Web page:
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Creating Method from Madness: How Law Students Tracked Pandemic-Related Court Disruptions

Rahima Ghafoori is a rising third-year student at the University of Virginia School of Law. As a member of IRAP’s UVA student chapter, she tracked the immigration courts’ response to the COVID-19 pandemic.

Confronted with the COVID-19 pandemic, the Executive Office for Immigration Review (EOIR)–the agency that oversees U.S. immigration courts–invited chaos when it decided to forgo uniform policies in favor of discrepant and varying guidance. Late-night Twitter announcements, inadequate COVID-19 precautionary measures, and widely varying rules were just a few consequences of the lack of planning and coordination by the agency. The COVID-19 pandemic put a spotlight on cracks within a system fraught with foundational defects. Recognizing a need for data collection and observation in this moment, IRAP, consulting with members of the American Immigration Lawyers Association (AILA), mobilized nearly 100 law students at fifteen of its law school chapters to track and keep record of EOIR’s actions.

The record-keeping culminated in the creation of the Court Operations Tracker—a database consisting mainly of publicly available EOIR announcements from March 1, 2020 through March 31, 2021. We hoped these records would shed light on how the immigration courts operated during this extraordinary time, and potentially help people whose immigration court cases were negatively affected or otherwise disrupted by EOIR’s COVID-19 response.

The Project

In an effort to promote transparency and accountability through observation, we tracked public official announcements of court closures, hearing postponements, and “standing orders” (i.e., court- or judge-specific policies) as well as news articles and other community reports about court operations.

  • We looked for tweets, Facebook updates, and EOIR listserv emails relaying announcements.
  • To track information posted on EOIR’s website, we used an internet archival tool known as the Wayback Machine to take screen captures of the website. Each Wayback Machine screen capture archived a page of the EOIR website at a particular date and time.
  • We also tracked community reports from news outlets, AILA members, and other practitioners to learn what was happening beyond what EOIR shared publicly

From October 2020 to April 2021, each student was assigned to a particular immigration court and tasked with gathering the requisite information and uploading it for our project directors and IRAP to review.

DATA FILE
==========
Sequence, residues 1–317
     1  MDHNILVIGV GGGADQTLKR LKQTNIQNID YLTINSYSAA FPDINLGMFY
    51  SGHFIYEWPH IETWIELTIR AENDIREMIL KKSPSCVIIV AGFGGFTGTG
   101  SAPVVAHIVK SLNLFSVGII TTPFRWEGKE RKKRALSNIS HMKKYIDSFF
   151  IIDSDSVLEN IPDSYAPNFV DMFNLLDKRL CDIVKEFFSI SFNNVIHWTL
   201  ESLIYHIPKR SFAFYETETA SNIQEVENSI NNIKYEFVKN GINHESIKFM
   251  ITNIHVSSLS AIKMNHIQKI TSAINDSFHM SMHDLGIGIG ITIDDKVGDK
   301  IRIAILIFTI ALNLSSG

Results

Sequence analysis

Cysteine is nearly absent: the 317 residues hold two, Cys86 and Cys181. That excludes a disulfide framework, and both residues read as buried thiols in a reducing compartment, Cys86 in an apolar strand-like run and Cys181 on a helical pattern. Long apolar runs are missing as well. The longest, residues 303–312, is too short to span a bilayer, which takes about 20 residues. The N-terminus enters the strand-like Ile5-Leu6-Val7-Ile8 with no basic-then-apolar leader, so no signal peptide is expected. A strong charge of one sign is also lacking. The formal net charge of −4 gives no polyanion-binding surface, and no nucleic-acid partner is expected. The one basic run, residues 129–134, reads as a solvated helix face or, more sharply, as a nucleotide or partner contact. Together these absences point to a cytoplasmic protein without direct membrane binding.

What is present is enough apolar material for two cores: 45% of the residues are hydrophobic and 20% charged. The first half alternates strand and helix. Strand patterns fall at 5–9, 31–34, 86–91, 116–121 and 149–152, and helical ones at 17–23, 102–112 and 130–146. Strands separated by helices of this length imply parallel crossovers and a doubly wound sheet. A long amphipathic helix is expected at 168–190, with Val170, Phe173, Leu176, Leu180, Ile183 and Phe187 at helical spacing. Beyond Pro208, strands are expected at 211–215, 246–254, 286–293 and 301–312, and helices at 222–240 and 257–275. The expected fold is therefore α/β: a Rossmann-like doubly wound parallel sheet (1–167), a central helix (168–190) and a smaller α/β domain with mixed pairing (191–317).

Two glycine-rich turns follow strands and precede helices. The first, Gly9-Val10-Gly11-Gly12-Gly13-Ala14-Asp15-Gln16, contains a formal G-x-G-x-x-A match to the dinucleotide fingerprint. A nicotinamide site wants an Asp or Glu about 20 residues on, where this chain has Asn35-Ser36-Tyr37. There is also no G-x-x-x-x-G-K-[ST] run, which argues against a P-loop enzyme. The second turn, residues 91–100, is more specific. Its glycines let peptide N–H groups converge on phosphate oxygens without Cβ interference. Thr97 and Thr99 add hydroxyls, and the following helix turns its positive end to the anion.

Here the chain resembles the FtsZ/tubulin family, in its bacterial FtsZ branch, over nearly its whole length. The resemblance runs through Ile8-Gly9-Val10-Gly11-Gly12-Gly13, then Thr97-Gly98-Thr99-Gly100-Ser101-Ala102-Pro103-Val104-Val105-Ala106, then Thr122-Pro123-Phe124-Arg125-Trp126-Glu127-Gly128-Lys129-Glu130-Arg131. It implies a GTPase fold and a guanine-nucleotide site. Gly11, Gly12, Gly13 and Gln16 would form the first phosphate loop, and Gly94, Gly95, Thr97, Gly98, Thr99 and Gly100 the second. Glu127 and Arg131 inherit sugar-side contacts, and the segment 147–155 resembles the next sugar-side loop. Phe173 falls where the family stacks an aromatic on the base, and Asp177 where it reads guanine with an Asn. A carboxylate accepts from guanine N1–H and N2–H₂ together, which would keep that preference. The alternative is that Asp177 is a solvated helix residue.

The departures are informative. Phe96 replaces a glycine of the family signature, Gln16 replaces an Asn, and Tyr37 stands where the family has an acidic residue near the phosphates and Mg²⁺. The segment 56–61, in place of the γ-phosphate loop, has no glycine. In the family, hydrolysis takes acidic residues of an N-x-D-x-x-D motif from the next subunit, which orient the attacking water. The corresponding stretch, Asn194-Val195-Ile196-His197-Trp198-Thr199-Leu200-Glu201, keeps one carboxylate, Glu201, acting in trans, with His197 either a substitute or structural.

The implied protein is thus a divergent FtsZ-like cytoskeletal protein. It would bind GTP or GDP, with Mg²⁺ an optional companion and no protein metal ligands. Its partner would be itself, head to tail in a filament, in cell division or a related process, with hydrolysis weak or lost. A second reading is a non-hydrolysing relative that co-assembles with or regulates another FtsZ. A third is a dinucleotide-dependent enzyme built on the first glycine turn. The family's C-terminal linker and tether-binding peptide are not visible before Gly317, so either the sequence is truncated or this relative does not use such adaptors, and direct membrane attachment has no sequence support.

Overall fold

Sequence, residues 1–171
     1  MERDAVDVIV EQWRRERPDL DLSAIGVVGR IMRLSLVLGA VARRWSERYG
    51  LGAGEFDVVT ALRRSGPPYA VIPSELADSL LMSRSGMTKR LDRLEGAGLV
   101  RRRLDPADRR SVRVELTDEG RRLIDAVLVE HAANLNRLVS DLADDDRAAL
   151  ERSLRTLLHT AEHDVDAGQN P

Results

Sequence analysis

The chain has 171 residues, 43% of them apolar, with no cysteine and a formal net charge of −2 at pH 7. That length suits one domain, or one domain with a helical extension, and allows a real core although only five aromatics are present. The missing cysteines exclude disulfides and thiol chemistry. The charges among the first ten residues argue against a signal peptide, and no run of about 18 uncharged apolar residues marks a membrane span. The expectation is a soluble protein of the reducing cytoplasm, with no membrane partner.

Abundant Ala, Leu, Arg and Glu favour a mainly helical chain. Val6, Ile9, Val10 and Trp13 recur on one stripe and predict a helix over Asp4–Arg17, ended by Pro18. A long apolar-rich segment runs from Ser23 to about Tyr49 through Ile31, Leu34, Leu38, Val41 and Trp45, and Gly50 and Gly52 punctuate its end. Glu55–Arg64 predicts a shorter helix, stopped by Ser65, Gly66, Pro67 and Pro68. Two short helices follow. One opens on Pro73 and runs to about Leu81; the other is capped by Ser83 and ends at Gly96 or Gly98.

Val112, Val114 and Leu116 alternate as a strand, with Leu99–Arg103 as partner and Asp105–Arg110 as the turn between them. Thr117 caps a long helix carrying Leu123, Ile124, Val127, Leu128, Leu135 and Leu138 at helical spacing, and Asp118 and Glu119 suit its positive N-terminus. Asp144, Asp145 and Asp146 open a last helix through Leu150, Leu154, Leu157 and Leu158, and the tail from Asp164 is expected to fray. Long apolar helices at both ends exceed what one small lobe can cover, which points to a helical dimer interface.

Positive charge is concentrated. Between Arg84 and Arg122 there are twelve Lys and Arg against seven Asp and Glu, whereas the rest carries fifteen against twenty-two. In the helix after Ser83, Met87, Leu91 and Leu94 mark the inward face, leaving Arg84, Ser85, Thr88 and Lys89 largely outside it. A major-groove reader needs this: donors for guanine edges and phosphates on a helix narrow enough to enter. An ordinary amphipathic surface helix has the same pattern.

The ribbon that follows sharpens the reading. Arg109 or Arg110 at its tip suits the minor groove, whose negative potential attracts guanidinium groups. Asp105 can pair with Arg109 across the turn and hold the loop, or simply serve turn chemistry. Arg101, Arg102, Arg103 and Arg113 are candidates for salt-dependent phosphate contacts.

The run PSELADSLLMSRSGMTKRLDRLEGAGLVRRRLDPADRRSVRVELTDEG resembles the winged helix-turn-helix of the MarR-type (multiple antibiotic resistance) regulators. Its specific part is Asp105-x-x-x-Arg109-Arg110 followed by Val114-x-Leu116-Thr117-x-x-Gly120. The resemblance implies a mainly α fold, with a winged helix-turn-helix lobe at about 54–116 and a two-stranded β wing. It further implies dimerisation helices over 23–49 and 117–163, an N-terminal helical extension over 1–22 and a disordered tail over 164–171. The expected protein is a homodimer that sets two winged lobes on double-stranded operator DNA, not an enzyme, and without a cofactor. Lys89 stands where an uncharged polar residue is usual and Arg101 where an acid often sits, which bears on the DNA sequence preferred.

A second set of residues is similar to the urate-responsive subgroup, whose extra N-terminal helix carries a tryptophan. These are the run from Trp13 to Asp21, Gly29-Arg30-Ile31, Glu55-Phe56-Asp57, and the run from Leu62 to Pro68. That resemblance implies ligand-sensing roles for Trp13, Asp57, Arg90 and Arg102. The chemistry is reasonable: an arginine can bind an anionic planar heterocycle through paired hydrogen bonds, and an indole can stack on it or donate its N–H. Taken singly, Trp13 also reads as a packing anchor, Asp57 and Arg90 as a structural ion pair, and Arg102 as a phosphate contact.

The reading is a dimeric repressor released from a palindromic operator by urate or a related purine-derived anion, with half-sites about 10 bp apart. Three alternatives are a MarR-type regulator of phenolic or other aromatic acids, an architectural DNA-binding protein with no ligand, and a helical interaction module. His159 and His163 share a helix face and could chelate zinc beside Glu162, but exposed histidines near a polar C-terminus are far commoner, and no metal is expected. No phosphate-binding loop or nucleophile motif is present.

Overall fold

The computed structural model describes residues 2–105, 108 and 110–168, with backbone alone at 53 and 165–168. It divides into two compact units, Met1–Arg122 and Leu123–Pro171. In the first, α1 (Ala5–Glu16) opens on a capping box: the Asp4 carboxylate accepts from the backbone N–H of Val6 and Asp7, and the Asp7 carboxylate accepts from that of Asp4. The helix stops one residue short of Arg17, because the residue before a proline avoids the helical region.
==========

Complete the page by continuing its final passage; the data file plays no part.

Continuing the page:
What We Learned

My fellow project members and I logged over 800 events and announcements from the first year of the pandemic for over 70 immigration courts, with findings from our work revealing trends of general disorganization, dysfunction, and confusion.

  • Inadequate Public Health Measures: Overall, the information collected highlighted the impacts of EOIR’s decision to allow individual courts to determine their own operations. Community reports revealed some courts did not close after identifying positive cases, with one court even allowing a judge to come in with symptoms of the COVID-19 virus. Closures attributed to COVID-19 came with little to no guidance for those potentially exposed, and for months, courts declined to acknowledge that closures were due to COVID-19 at all.
  • Lack of Clear Communication Regarding Whether Court Was Open or Closed: The data we collected revealed a lack of clear communication and notice regarding court closures. Many of the public announcements of closures via email or social media did not include a reopening date or time and instead referred the public to EOIR’s Operational Status Map on its website. After looking through archives of the website, we determined courts often remained closed well beyond the date or time announced. More troublingly, the website was often updated to show that a court had reopened only hours before the start of business—and sometimes after.
  • Distant Alternate Filing Locations: To add an additional layer of confusion, if a court closed and offered an alternate filing location, i.e., a different court at which to submit paperwork, the alternate location was at times in an entirely different state. This presented an obstacle for noncitizens without a lawyer, given the dearth of public transit options and the lack of notice provided. This was likely also a challenge for attorneys; many immigration courts permitted email filing only briefly early on in the pandemic, and electronic filing did not become widely available until the end of 2021.
  • Unannounced Closures: Through our work, we also learned that court closures (and related reopenings) sometimes went unannounced. For example, the Adelanto Immigration Court closed for three months in 2020, but there was no official closure or reopening announcement from EOIR. Unless someone knew to check the intermittently updated Operational Status Map, they would not have known when the court closed or reopened. Documents recently obtained by IRAP through the Freedom of Information Act suggest this was not an isolated case and that, in fact, numerous closures went unannounced.

In addition to these troubling trends, the project highlighted another, more positive, finding: the power of student-led work. IRAP’s mobilization of law students facilitated the collection of information on our immigration court system and helped students engage in civic activism and participation. Moving forward, it is time for agencies to forgo their opaque cloaks and embrace a system of accuracy and transparency, and I hope our Court Operations Tracker will help bring about that change.